A type of gin that I am enjoying exploring is Navy Strength Gin, a type not for the fainthearted or for those who blanche at paying more than £40 for a bottle. Still, it does the soul good to push the boat out now and again, especially when your purchase contributes to a good cause. Many distilleries spawned by the ginaissance are tripping over themselves to brandish their green and sustainability credentials, and while that is undoubtedly a good thing, you cannot but help thinking that unless there is a universally concerted effort, it is but a small drip in the vat of life.
Conker Spirit, based in Bournemouth and established in 2014 as Dorset’s first gin distillery have decided to take a different approach with their Conker Spirit RNLI Navy Strength Gin. It follows their template of excellence in craftsmanship and the use of the best possible ethical ingredients but is dedicated to the courageous men and women who risk their lives to save the skins of seafarers who have got into trouble. The Royal National Lifeboat Institution, for that is that fine body of people, receives a donation of £5 for every bottle sold.
The bottle has a dumpy, squat shape with broad shoulders, a small neck, and a coppery coloured screwcap. On the shoulder is embossed in the glass “Conker Spirit” at the front and at the back “Dorset Est 2014”. The label at the front has a serrated bottle top look about it using navy blue, white, and copper to good effect. They proudly display the RNLI logo, not once but twice, although only once in colour. The labelling at the rear extols the virtues of the RNLI quite rightly, but there is precious little about the gin itself, save that my bottle is number 997 from batch ten. While I am happy to endorse the RNLI, it would be nice to know something about the spirit other than it has an ABV of 57%. Perhaps that’s just me.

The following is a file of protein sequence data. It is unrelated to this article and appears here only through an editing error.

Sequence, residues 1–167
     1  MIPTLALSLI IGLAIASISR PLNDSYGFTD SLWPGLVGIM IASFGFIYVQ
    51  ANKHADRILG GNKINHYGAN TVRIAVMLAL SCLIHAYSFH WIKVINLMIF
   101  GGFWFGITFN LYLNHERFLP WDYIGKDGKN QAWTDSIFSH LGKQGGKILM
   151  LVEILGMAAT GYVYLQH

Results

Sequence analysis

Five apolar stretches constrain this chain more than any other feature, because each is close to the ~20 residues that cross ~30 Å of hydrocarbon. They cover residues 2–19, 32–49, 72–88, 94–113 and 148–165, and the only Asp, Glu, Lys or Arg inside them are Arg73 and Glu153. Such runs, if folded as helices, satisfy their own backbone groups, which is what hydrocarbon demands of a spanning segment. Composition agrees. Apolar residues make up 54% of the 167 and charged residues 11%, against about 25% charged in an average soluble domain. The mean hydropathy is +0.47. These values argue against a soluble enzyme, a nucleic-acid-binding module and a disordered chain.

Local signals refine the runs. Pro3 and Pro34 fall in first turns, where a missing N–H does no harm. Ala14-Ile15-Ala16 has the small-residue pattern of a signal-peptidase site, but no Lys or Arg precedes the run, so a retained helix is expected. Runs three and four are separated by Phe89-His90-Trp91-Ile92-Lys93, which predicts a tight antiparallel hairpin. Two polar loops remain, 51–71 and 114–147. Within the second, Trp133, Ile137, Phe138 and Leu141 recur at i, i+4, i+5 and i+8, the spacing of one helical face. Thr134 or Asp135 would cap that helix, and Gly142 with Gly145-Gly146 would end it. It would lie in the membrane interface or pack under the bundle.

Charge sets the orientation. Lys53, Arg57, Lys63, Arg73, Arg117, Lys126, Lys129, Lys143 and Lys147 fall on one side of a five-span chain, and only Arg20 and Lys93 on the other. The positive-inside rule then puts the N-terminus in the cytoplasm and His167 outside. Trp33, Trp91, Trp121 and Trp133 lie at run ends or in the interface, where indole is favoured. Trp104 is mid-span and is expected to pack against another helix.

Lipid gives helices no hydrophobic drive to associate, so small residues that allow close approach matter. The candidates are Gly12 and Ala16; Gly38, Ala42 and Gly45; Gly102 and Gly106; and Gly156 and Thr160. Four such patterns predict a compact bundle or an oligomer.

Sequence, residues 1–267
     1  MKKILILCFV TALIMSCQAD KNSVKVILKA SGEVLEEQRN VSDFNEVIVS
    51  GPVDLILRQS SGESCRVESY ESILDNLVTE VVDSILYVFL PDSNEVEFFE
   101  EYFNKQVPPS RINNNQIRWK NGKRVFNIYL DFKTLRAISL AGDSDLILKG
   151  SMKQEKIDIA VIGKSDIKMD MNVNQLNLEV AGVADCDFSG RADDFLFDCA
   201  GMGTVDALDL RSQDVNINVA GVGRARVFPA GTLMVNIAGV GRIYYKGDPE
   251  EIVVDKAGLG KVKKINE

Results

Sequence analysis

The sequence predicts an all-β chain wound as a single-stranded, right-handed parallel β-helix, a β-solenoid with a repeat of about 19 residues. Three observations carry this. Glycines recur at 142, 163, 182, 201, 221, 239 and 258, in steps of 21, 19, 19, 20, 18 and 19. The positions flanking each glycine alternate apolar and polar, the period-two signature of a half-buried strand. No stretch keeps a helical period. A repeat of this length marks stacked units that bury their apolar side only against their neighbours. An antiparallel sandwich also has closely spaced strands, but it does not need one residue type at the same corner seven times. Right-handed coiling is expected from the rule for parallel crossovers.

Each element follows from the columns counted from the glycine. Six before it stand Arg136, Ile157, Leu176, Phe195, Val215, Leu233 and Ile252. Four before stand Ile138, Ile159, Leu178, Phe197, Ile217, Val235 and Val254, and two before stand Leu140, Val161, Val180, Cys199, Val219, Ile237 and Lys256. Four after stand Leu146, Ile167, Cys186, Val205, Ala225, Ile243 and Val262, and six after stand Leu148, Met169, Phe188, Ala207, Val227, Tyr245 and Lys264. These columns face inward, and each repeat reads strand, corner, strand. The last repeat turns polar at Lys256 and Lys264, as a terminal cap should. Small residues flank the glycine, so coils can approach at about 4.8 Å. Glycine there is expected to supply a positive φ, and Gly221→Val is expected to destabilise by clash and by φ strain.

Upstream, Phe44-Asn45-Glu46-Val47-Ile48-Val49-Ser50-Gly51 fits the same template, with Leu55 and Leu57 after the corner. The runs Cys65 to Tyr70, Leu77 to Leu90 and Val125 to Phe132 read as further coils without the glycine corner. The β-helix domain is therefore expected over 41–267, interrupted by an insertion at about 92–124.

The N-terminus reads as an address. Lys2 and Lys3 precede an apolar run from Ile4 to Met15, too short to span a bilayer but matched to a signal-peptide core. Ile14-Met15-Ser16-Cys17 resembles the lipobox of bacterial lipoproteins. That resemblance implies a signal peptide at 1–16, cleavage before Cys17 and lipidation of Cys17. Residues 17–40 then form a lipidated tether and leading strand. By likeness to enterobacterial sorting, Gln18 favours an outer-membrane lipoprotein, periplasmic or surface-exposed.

Anyway, after some digging, I find that there are nine botanicals involved in the mix, a fairly conservative line up of juniper, coriander seed, angelica root, orris root, and cassia bark, with bitter orange peel and fresh lime peel providing the citric notes and marsh samphire and elderberry giving a distinctive twist.
On the nose the aroma is distinctively that of juniper and in the glass the spirit is remarkably clear retaining its clarity even with the addition of a premium tonic – no louching here. In the mouth the juniper makes its presence known loud and clear, but the spirit is balanced with the citrus elements and the herbaceous notes. There is a pepperiness that comes through which together with the spicier botanicals produces a long and pleasant warming aftertaste. It takes the best of a classic London Dry adding a bit of oomph and a slightly saline, nautical twist to present a very well-balanced, moreish tipple.
If you are looking to dip your toe in the water with Navy Strength gins, this is a good place to sart.
Until the next time, cheers!